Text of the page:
Beyond space-age tech: Hybrid material moves next-generation transport fuel cells closer
Protons are the next big thing when it comes to fuel cell technology. The subatomic exchange produces power on a scale that challenges contemporary solid-state fuel cell technology, used to help power space shuttles. To realize the proton-based technology sooner, an international team of researchers have developed a hybrid material that effectively transports protons at high temperatures and humidity — two major challenges in past attempts.
The results were published on April 19 in ACS Applied Materials & Interfaces, a journal of the American Chemical Society.
The team, led by the University of Tokyo in Japan, focused on a material called polyoxometalates (POMs), which they previously fabricated into a composite with another polymer and compounds to help provide structural stability.
“POMs are attractive as building blocks for the design and synthesis of new materials with desirable properties and functions — they can efficiently transport protons, for example, but only at low temperatures and in low humidity,” said paper author Masahiro Sadakane, professor in the Graduate School of Advanced Science and Engineering, Hiroshima University. “Unfortunately, a huge problem remained to be solved is that our composite decomposed at higher temperatures and humidity.”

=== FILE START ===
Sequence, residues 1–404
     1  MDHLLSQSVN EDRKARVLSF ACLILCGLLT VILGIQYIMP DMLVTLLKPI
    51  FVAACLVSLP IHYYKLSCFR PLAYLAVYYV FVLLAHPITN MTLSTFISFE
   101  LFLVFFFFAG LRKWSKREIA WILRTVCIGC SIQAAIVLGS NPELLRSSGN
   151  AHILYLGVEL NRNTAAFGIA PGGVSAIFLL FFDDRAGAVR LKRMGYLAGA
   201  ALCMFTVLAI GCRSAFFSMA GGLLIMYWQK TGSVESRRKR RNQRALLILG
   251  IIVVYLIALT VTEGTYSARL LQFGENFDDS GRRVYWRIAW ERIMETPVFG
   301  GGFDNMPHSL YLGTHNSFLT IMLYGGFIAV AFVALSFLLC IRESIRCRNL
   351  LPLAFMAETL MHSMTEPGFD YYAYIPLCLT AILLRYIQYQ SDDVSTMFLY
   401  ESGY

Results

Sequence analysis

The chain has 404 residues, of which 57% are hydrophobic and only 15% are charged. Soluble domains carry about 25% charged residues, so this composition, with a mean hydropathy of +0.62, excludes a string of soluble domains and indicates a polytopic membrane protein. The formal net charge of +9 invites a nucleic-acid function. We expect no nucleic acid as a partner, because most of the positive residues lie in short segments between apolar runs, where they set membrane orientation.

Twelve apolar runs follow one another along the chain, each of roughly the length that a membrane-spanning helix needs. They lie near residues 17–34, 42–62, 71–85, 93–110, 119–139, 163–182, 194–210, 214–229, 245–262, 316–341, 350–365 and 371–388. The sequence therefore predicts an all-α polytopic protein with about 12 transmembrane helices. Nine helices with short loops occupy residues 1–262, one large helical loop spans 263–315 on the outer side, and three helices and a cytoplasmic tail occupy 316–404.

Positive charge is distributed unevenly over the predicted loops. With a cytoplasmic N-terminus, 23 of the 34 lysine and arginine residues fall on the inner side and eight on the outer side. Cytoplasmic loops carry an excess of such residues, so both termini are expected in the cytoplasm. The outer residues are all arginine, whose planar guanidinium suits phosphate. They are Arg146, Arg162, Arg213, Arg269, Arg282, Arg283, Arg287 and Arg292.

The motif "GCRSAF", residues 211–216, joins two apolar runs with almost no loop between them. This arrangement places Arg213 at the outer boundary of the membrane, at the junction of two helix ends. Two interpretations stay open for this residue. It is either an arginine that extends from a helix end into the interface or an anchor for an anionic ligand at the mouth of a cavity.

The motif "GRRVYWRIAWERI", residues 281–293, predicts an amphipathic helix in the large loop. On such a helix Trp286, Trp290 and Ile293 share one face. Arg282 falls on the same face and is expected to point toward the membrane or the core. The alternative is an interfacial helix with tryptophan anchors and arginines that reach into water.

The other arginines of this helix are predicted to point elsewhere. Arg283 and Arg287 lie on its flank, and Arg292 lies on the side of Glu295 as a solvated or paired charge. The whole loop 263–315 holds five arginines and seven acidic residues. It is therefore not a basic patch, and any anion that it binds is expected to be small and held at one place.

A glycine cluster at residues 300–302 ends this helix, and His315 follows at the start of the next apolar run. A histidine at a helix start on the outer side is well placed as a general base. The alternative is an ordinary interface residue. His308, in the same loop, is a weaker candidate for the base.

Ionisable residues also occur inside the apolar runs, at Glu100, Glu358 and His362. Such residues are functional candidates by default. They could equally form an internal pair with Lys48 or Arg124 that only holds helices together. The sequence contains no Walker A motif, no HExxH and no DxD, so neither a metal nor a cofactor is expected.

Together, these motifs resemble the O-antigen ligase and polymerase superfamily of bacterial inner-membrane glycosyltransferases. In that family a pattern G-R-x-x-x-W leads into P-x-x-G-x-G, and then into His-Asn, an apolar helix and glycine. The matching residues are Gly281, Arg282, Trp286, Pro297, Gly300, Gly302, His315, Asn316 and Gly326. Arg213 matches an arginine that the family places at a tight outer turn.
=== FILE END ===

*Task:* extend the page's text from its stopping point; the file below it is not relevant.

To solve this problem, the researchers investigated how to better tune the composite by encapsulating positively charged ions in the material’s internal cavities. Positive ions, known as cations, help balance negatively charged ions, known as anions, to stabilize conductivity in a material.
They settled on incorporating europium, a metallic element that is solid at room temperature, into the material. Europium is particularly attractive to water molecules, which brings external oxygen into the material. Protons move through the system by attaching to the oxygen. The more oxygen, the more proton-conductive the process is.
“Our goal is to produce stable high proton-conductive materials,” said paper author Sayaka Uchida, associate professor in the Department of Basic Science, School of Arts and Sciences, The University of Tokyo. “Through fine control of the components, we produced such a material.”
The material continued to demonstrate high proton conductivity at temperatures of 368 degrees Kelvin (202.73 degrees Fahrenheit) and 50% humidity. The researchers plan to increase the stability and proton conductivity further.
“We plan to increase the stability and proton conductivity so that this material can be used as an electrolyte in fuel cells, enhancing their performance,” Sadakane said. “This work could provide guidance for the design of solid-state proton conductors.”